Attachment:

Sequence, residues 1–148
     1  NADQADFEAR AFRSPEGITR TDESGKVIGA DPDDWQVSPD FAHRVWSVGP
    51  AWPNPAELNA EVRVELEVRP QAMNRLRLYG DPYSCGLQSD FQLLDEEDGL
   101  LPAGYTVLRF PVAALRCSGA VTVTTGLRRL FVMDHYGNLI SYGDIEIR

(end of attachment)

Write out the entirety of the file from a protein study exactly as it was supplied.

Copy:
Sequence, residues 1–148
     1  NADQADFEAR AFRSPEGITR TDESGKVIGA DPDDWQVSPD FAHRVWSVGP
    51  AWPNPAELNA EVRVELEVRP QAMNRLRLYG DPYSCGLQSD FQLLDEEDGL
   101  LPAGYTVLRF PVAALRCSGA VTVTTGLRRL FVMDHYGNLI SYGDIEIR